At my mother’s call to dinner, I scramble to my feet. I am eight years old, clinging to fleeting wishes and dreamy passions the way all other prepubescent girls do. Abandoning my Rainbow Loom, I scurry into the kitchen with high hopes for the ensuing meal.
Sizzling ginger and chives waft its way into my eager nose, and expecting one of my favorite Asian dishes -- perhaps pai gu, Chinese pork ribs, or mian tiao, noodles -- my eyes gravitate towards the table.
Instead, a horrifying scene greets me. A whole fish, glistening scales and all, languishes on a platter with minced ginger and green onion. One lazy eyeball, barely attached to its eye socket, seems to scrutinize me from its perch on the dislocated head. A repulsive sight, especially for a young, impressionable girl who reads regularly about animal rights.
So I do what any other sensible eight-year-old girl would do. I shriek.
Naomi, calm down. It’s zheng yu.
Zheng yu. [Steamed fish.] A Cantonese delicacy from our hometown, Canton.
I don’t want to eat it.
A flicker of [shame, disappointment] crosses my mother’s face. Okay. Make something to eat for yourself then.
What I did not know at the time is the amount of preparation and effort for my parents that goes into putting this fish on the dinner table. While I dream and fantasize with my toys, my mother and father labor quietly downstairs, descaling and cleaning the fish for hours -- followed by the most significant step of all, steaming. Even when I am eventually taught the process, I brush it aside in an Americanized fashion. It is only ages later when I begin to embrace the culture of my ancestry.
This so-called battle between my parents and me persists for years throughout my childhood, always ending the same way: I, the provoker of the skirmish, demand food that is adapted to my tastes, be it plain rice or pasta with Walmart tomato sauce. My parents allow this. At eleven years old, I shamefully remember being served a separate dish than the rest of my family one night simply because they had conceded. I had victory, but what exactly did I win?
In recent years, social media platforms and influencers have given much-overdue appreciation to Asian culture in numerous forms, from the rise of mukbangs and fox eyes, to the popularity of bubble tea and Yakult drinks. Although well-intentioned, the sudden infatuation with certain Asian trends throws my younger self off. Who am I, really, in the grand scheme of things? America, the promise of a new life, a melting pot of cultures, as they say, was founded by immigrants. Am I an immigrant, then, born on foreign land?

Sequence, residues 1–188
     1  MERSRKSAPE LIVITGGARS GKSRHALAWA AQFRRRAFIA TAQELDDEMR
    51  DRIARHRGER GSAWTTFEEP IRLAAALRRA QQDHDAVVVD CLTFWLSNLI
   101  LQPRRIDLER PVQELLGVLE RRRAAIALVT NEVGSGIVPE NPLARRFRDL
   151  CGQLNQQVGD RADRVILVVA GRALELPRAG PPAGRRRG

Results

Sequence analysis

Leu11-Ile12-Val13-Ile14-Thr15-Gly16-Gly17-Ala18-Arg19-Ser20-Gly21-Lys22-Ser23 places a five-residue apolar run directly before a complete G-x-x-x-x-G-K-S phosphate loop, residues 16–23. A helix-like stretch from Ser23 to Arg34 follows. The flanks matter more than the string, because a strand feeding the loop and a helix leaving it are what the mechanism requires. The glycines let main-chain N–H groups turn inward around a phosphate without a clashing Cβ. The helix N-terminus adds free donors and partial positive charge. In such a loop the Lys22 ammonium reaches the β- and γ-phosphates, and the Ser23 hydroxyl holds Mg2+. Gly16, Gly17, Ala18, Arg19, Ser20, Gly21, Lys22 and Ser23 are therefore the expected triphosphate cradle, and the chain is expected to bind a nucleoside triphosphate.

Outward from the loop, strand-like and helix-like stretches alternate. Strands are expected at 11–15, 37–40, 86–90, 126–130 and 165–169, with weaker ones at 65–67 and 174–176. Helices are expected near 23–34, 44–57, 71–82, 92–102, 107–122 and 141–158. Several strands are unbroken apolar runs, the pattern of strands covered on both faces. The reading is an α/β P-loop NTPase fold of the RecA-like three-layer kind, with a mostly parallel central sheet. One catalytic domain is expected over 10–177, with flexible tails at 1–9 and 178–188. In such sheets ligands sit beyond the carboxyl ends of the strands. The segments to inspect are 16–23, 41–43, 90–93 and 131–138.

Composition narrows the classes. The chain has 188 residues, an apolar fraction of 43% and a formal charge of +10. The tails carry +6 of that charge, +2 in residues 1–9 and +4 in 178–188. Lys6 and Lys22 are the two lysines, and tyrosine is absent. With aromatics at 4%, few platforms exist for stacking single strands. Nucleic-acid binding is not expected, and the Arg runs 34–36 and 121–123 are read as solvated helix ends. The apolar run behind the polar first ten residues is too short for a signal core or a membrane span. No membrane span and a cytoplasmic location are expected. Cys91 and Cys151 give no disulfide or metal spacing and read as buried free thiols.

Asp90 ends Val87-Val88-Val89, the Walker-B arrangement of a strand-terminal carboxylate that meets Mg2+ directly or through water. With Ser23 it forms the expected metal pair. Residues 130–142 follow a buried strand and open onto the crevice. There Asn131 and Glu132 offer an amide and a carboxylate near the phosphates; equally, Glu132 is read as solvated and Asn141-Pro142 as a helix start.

When my parents arrived in ‘98 with nothing but business textbooks and a hope for a future, did they dream the American dream, like all others fresh off the boat? Who am I to throw generations’ worth of memories, of comfort food, of nourishment away?
It is not easy, but slowly, over the course of months, I make a promise that I will do better: for my heritage and for my own parents.
The night I turn fourteen, I do not hover as a stranger in the doorway of our kitchen. I cross an invisible line I had drawn myself, fabricated from years of self-loathing and torn identities, and I join my mother and father as an equal.
I do not see their faces, but I can hear the smile in their voices.
Ling Yunduan, pass the ginger. Here it is.
I learn how to descale and gut a fish for the first time, and I no longer cringe in disgust when I separate the head and tail. At the one slimy eyeball I wink back.
In true Canton-style, we do not overdo the flavor: just minced garlic, cilantro, green onions, and a splash of soy sauce and hot oil to taste. While the fish steams, my father explains that it must be caught and eaten in three hours or less in order to taste the freshest. Any longer than that, and it has lost its zest.
As I scour the glistening skin of the fish, my mother compares zheng yu to life -- perhaps to crack a pun and give me a laugh. It’s a process, isn’t it?
Yes, it is. I am eight and eleven years old once again, grasping onto snippets of two worlds in a struggle of reconciliation. I still have ways to go before I truly embrace my motherland, the ugly parts and bittersweet parts and everything in between, but for now?
I’ll help myself to some fresh zheng yu -- even that eyeball.
As a Chinese-born-American, I grew up having to reconcile two identities into who I am today. This is an attempt at diving into my struggles through a dish I've grown up with: freshly caught zheng yu, or steamed fish.